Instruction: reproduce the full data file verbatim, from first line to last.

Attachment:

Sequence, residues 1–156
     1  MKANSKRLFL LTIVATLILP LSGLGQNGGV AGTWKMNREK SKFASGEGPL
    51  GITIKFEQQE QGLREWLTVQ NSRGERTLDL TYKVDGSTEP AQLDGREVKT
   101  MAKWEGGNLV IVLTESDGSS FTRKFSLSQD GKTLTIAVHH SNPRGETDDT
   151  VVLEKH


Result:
Sequence, residues 1–156
     1  MKANSKRLFL LTIVATLILP LSGLGQNGGV AGTWKMNREK SKFASGEGPL
    51  GITIKFEQQE QGLREWLTVQ NSRGERTLDL TYKVDGSTEP AQLDGREVKT
   101  MAKWEGGNLV IVLTESDGSS FTRKFSLSQD GKTLTIAVHH SNPRGETDDT
   151  VVLEKH